Those who were betting that the big Alamo-UNESCO controversy wouldn't get any more ridiculous obviously bet wrong. Texans greeted the news that the Alamo was formally accepted as a World Heritage Site by the United Nations Education Scientific and Cultural Organization last week with a protest.
Over the weekend people responded to the news that the Alamo had been accepted as a World Heritage Site by staging a protest. Why you ask? Well, it turns out a bunch of people are convinced that this World Heritage Site is the beginning of the Alamo being stolen by the United Nations.
The rumors first started circulating around the time state Sen. Donna Campbell filed a bill protesting the move to get the Alamo on the World Heritage Site list at the end of last year. The Protect the Alamo Act, filed last December, proposed banning any foreign entity from owning, controlling or managing the Alamo complex, as we previously reported. The bill (unsurprisingly) got absolutely no traction in the Lege and died the quiet death that these sorts of bills usually do.
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Meanwhile, new Texas General Land Commissioner George P. Bush yanked control of the Alamo from the Daughters of the Texas Republic back in March because of what he claimed were contractual violations. The group handed control of the Alamo back to the Texas General Land Office last Friday, less than a week after the Alamo was accepted as a World Heritage Site. Campbell has stayed fairly quiet during this new Alamo-UNESCO kerfluffle, but others have been on hand to take up her cause.
On Saturday a group of pro-Alamo, anti-United Nations folks gathered for a protest outside the building in question. The protest was led by David Watts, Jr., the guy who previously ran against Bush for the GOP nod for Texas Land Commissioner and is now running for the Texas House of Representatives. During the protest Watts said that the United Nations takeover wouldn't be an overnight thing. Instead, he described it as a “sort of a creeping influence,” according to the San Antonio Express-News.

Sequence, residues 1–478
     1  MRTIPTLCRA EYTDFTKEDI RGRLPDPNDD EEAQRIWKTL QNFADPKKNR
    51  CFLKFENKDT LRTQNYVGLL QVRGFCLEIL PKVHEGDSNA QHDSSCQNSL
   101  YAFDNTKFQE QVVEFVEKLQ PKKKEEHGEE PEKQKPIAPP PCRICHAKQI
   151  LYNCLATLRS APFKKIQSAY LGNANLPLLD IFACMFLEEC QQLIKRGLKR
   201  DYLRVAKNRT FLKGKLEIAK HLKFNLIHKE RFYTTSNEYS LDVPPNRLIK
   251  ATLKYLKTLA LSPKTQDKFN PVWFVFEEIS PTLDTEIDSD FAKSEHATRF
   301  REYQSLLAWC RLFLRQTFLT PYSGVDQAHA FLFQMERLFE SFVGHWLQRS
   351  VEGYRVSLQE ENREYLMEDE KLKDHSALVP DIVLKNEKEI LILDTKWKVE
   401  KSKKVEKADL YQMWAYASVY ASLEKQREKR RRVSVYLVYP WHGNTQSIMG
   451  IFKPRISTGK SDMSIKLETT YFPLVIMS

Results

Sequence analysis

Keep in mind that the Alamo joins the Grand Canyon and the Taj Mahal on the list of World Heritage Sites. On top of that, the process, which encompassed all of San Antonio's missions and took six years to complete, was overseen by Jerry Patterson, the previous Texas General Land Commissioner, and the deal is supposed to bring in more money (more than $100 million) and more jobs (more than 1,000) by 2025, according to a report from the Harbinger Consulting Group. Otherwise, the official word goes that nothing is supposed to change.
Bush also got into the action by issuing a statement on Saturday. "It ain't gonna happen," Bush said in a release, referring to the “unfounded rumors" circulating that being accepted by UNESCO was the first step toward the United Nations swiping the Alamo. (In case you can't tell he's taking a firm and tough stand on this oh-so-important issue, demonstrated by his use of the word "ain't"). What makes this whole thing a real belly-shaker is that it's still not clear how exactly people think this is the start of the United Nations infiltrating and taking over the Alamo with that "creeping influence" or what the United Nations would actually do if they did decide to swoop in and start holding the place for its own. That whole approach didn't work out so well for the last group who tried to take the Alamo. (Maybe this isn't the best time to point out that the 13 Days of Glory happened because Texans tried to hold the place instead of blowing it up, but we have to point that out.)